Sunday, October 28, 2007

Drinking Recycled Stormwater

A few months back, there was some discussion on this blog regarding opportunities for the use of urban stormwater as a drinking water supply (see comments from Mark at the bottom of this post). An article from the Adelaide Advertiser this week, points to the likelihood of such a strategy being undertaken on a large scale in Australia sometime in the future.

The City of Salisbury in northern Adelaide is where most of the activity has been focused. A decade ago, the city began to investigate potential means of eliminating the flow of polluted stormwater into the environmentally sensitive Barker Inlet of Gulf St. Vincent. The Inlet is a significant fish nursery which supports the majority of South Australia’s fishing industry.

The key strategy adopted was the creation of wetlands for stormwater treatment. Some of this treated water is now reused for a variety of non-potable purposes in the region. The scheme has been very successful and there has been great interest in expanding it in order to be able to reclaim larger volumes of water.

Among the main challenges has been the need to overcome the seasonal variability between available water supply and demand. Naturally there is more stormwater available during the wetter months, but these wet months are when irrigation users (in particular) least require it.

To address this need for large-scale water storage, the CSIRO has spent more than a decade researching a process known as aquifer storage and recovery (ASR). This involves preparing the water to a suitable quality whereby it can be safely used to recharge a depleted aquifer and then recovered at a later time when required. The general concept is nicely summarised in the following figure from CSIRO Land & Water.

As the above figure indicates, ASR can be used for appropriately-treated reclaimed water from any source including stormwater and municipal sewage. Under suitable conditions, it can even have a significant benefit in terms of further improving the water quality during the process.

Given these benefits, it may be no surprise that the Government of South Australia and the National Water Commission appear to agree that there is great potential for Adelaide to use urban stormwater reclaimed by ASR as a future drinking-water supply.

The article from The Adelaide Advertiser appears below.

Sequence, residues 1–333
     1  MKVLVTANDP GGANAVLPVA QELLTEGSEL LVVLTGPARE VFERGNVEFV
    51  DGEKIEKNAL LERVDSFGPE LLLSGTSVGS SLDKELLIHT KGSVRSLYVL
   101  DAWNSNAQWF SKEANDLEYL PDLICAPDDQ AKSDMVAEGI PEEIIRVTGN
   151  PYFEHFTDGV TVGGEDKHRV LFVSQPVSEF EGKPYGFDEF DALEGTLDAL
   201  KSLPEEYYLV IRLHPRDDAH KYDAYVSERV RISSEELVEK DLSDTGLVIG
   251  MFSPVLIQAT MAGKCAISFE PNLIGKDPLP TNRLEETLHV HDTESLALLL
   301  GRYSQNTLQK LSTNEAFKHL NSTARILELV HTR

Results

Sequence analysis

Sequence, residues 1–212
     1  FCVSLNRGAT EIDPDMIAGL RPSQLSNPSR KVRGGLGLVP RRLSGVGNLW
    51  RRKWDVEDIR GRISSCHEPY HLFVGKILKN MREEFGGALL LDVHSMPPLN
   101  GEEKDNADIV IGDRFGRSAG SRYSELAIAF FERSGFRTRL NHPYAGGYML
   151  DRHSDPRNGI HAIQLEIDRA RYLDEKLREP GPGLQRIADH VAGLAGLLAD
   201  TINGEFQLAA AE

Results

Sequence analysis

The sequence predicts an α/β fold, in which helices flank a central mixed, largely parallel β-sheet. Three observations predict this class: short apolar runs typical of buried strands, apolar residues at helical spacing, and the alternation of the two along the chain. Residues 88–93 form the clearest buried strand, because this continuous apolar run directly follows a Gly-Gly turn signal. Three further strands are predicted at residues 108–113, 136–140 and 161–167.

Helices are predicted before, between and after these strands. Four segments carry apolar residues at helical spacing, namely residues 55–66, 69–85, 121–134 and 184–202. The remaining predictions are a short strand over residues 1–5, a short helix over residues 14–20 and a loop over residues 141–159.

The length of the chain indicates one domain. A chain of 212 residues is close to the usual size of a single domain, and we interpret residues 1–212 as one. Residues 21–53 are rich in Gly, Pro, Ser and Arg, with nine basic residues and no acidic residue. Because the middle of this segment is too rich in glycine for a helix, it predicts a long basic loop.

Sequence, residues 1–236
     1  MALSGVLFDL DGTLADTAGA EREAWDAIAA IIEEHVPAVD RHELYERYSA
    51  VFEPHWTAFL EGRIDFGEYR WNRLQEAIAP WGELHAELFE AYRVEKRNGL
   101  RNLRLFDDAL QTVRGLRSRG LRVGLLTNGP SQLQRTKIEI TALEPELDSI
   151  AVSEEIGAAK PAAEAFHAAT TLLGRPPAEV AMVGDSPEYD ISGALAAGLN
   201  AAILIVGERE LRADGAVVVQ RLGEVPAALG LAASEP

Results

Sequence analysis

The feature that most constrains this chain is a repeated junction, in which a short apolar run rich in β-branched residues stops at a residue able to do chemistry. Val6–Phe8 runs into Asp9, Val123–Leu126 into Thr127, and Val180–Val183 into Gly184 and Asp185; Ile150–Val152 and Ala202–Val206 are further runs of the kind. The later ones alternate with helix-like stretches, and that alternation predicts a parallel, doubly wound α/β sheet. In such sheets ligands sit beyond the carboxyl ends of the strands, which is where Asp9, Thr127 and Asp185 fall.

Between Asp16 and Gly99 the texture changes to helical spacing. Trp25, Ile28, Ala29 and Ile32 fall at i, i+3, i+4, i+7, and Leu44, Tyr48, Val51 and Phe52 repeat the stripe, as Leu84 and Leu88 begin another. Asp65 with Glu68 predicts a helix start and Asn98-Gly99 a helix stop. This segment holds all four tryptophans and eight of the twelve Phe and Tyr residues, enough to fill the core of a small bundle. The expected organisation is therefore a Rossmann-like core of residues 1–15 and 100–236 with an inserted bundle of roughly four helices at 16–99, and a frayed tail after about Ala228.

I’d be grateful for your thoughts or comments...

Stormwater for drinking
The Advertiser (Adelaide)
October 22, 2007
By Cara Jenkin

ADELAIDE residents will be drinking recycled stormwater as traditional water supplies continue to dwindle, says the National Water Commission.

South Australia's representative on the commission Dr John Radcliffe says treated stormwater will form part of SA Water's metropolitan supply in the future to ensure long-term water security in the city.

Dr Radcliffe said governments had traditionally treated stormwater as a "hazard" and as waste which could not be used.

He said stormwater should instead be seen as a resource.

"People naturally feel a little concerned about drinking water that doesn't fall off the hillsides, but some of these hillsides aren't that pristine," he said.

"All water is recycled water, that's the hydrological cycle."

Stormwater is already collected, stored and used for irrigation purposes in parks across Adelaide.

A world-first trial to treat stormwater naturally in underground aquifers to a standard suitable for human consumption is now under way at Parafield.

Dr Radcliffe said the trial was one reason why South Australia was more advanced in stormwater reuse than elsewhere in Australia. "One has to look at all water resources that are around and there is no perfect resource for a particular circumstance," he said.

"One of the benefits is that (treated stormwater) has a lot less salinity than is found in Adelaide tap water."

Treated stormwater will be added to the mains water pipes and dispersed among households.

The water will supplement existing sources but figures on what portion of existing supply could be supplemented are yet to be researched.

Draft guidelines on the use of recycled water for drinking have been developed by the National Water Commission.

They are expected to be endorsed by state water ministers, including SA Water Security minister Karlene Maywald, when they meet to discuss the guidelines early next year.


Mark said...

Hi Stuart,

I agree (of cause). Storm water is a resource that shouldn't be wasted. Not only that, I understand that with increased urbanization, the runoff volumes increase dramatically, so capturing this water solves other environmental problems at the same time.

The politicians are catching on ... Here's my local member dishing out a billion for water recycling including stormwater, and wisely avoiding mention of recycling via sewage ....

Oh, to live in Adelaide. I can't believe that I wrote that :-)


Stuart Khan said...

Thanks for the feedback Mark. Adelaide’s really not such a bad place you know. However, I don’t think I would move there for its water supply...

Anonymous said...

I believe taking water from the Murray for drinking is already stormwater and sewage reuse, and the only novel thing here is storing such water in a confined aquifer instead of a dam. The question is if a suitable aquifer exists?

Sharon Strock said...

If proper storm water management has been implemented, then why not? I know that storm water is used more as a good source of irrigation water just as you've mentioned, but when I've read the part saying that all water is recycled, I guess it can really be done. All that they would need is a good storm water cleaning facility. Just as the commenter before me said, I really do hope that it exists because it's going to save a lot of money.

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